Should I renew my Editors Canada membership?

I mean, how many memberships does one person need?


A few weeks ago, I got an email telling me that my Editors Canada membership was coming due for renewal. Now, membership of Canada’s national editing organization does not come cheap. A one-year membership costs $298, with an extra $80 for a profile in the online directory. Add in the sales tax and we’re looking at an investment of $400 per year.


Over the years, I have had – and given up – membership of quite a few professional organizations. Every year, I look at the memberships I hold and decide which of them I want to keep, and which are no longer working for me. I am currently a member of only two organizations in addition to Editors Canada:


IATEFL. The International Association of Teachers of English as a Foreign Language has been my professional home for as long as I can remember. I edited Conference Selections for ten years, and I have been editor of IATEFL’s bimonthly magazine Voices for three and a half. IATEFL conferences, held every spring in the UK, used to be the highlight of my year, and I've presented at many of them. I've been a member of the Materials Writing Special Interest Group (MaWSIG) committee, and briefly, I was joint MaWSIG coordinator. I no longer teach, and I won’t be Voices editor forever, but I can’t see giving up my IATEFL membership just yet.


ELT Publishing Professionals. This is a fairly new organization, which grew out of the ELT Freelancers’ Community and ELT Teacher 2 Writer. For anyone involved in ELT materials development, this is a must-have membership. In the pre-Covid era, I used to go to ELT Freelancer Awaydays in Oxford in January, and I would come away from them with new ideas, new friends – and even new work. I may have written my last ELT coursebook (we’ll see…), but this is another one that I’m keeping.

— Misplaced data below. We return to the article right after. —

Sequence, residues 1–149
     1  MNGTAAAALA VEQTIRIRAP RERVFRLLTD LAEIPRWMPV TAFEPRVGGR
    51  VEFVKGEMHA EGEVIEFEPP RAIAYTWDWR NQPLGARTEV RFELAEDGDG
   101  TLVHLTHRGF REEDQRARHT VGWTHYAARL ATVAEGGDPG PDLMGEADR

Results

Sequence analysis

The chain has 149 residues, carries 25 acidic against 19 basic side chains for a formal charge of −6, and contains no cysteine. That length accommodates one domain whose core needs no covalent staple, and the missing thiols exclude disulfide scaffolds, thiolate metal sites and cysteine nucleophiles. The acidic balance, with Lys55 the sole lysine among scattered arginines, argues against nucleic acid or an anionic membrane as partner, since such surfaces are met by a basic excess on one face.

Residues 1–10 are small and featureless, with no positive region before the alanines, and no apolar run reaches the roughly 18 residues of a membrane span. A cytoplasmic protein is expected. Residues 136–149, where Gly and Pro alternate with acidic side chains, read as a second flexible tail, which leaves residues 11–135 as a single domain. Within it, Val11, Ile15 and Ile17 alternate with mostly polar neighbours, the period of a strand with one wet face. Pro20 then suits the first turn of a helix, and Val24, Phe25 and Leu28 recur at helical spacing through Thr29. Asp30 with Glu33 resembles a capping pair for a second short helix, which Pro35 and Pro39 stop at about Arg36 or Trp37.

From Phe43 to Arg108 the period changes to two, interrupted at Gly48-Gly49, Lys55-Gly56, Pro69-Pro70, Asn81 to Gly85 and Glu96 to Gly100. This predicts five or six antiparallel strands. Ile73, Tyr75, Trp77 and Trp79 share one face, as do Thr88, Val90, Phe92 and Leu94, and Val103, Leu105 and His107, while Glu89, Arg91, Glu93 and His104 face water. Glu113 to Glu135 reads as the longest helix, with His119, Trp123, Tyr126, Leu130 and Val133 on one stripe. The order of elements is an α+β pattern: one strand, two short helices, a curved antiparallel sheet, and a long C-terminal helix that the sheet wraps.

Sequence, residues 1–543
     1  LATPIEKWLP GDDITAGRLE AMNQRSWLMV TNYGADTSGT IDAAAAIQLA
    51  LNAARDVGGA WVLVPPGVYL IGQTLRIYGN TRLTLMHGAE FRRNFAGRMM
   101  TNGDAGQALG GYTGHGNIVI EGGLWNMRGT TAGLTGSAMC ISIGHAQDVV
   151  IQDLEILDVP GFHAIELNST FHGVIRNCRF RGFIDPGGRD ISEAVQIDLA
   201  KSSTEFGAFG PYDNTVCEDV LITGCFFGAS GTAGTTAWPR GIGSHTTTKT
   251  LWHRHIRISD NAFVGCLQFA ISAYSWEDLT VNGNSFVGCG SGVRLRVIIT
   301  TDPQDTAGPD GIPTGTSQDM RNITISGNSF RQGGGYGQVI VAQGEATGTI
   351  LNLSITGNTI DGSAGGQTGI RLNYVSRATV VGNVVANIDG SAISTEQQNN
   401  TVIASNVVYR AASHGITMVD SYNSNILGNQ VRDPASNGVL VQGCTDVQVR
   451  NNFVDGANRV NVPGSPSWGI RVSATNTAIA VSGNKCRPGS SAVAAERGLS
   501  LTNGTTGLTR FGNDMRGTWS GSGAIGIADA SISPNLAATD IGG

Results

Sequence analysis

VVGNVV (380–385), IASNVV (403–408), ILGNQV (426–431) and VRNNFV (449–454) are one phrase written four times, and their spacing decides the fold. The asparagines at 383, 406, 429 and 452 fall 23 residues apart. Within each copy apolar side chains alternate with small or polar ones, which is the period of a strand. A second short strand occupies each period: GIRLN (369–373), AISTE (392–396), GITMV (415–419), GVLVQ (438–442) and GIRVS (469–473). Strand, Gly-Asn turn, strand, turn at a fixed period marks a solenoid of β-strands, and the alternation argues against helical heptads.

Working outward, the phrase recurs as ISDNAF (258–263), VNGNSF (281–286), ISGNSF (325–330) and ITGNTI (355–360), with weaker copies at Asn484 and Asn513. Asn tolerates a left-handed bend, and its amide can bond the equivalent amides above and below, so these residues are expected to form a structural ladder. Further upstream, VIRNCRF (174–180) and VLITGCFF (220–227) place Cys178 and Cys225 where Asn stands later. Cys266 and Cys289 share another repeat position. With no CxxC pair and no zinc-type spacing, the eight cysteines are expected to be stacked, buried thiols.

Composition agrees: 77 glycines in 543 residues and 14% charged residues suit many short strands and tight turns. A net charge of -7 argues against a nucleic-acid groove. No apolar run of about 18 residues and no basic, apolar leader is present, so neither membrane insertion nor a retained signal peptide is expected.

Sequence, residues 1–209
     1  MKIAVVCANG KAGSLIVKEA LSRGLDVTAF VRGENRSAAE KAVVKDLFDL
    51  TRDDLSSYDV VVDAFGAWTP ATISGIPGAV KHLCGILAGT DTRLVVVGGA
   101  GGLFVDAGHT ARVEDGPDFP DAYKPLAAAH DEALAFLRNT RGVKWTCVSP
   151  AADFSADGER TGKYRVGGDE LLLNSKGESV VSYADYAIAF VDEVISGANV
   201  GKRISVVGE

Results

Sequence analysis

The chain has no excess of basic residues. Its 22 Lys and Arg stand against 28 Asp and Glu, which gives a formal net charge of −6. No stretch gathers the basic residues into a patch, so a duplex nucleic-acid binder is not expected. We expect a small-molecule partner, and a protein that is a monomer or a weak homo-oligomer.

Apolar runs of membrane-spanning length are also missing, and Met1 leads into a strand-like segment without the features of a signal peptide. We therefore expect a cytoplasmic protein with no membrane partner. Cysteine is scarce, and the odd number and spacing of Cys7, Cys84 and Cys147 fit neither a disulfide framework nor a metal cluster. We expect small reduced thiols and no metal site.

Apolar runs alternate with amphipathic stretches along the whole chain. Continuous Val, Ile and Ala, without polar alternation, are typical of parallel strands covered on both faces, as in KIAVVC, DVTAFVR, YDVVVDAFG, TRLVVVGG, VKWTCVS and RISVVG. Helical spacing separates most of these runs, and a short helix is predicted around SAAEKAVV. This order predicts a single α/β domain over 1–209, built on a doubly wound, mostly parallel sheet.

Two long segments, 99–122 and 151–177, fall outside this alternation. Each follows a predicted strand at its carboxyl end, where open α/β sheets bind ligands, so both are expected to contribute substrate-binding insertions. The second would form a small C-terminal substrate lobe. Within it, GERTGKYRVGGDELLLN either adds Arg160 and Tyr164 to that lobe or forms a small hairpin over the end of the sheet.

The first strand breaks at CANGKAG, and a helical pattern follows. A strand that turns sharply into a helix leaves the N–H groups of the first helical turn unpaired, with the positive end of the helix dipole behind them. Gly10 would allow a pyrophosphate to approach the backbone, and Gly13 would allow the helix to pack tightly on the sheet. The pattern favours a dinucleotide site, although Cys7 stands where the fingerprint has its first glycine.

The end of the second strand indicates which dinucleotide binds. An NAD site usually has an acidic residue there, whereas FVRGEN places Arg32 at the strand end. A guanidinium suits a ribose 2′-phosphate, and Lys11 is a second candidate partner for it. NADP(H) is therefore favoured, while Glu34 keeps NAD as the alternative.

I’m also a lapsed member of CIEP, the Chartered Institute of Editing and Proofreading, and I’m planning to renew next month. Despite not being a current member, I have taken three courses with CIEP in the last two years, and I hope to go to this year’s conference in person.


So, what about Editors Canada?

It’s significantly more expensive than my other organizations. Going to their in-person events is not easy, as there is no local branch where I live, not even a so-called twig (there used to be, but it became independent). And, of course, Covid has put face-to-face conferences and meetings on hold for the last couple of years.


On the other hand, there are always online events. I have just watched Christine LeBlanc’s excellent webinar “One-Hour Marketing Plan”; during lockdown, I watched recordings of several others. I appreciate the energy Editors Canada puts into producing webinars, guidelines for editors, PD resources, and more. I welcome the discounts that Editors Canada has been able to negotiate for its members on editing resources like PerfectIt, and – though I don’t need it – on certain forms of medical and dental insurance. If I want to take part in an event offered by the EFA or CIEP, my Editors Canada membership offers me a discount.


Suddenly, $400 a year doesn’t look like a bad deal.


But it isn’t just about PD events. More importantly, I think it’s important to be part of a community of professionals. I know there are people who work quite happily in isolation, but I’m not one of them. I have always believed in the importance of joining the professional organization that best reflects your professional needs. I’m an editor, and I live in Canada, so membership of the national association makes sense for me. There is always something new to be learned, something to share, something to discuss, an editing problem to solve…


And if that were not enough, not long after I received the email inviting me to renew, I received another one: “I found your information on editors.ca…” This was not the first project to come to me through my Editors Canada directory listing. The money I have made in the last year as a direct result of my membership has paid my membership dues many times over.


Suddenly, $400 a year looks like a very good deal.


In the end, it was an easy decision. My membership expired yesterday, and not surprisingly, I have renewed.


 

Tania Pattison is an editor and proofreader specializing in English language teaching, education and related subjects. When not editing, she is an EAP textbook writer.



Photo: Editors Canada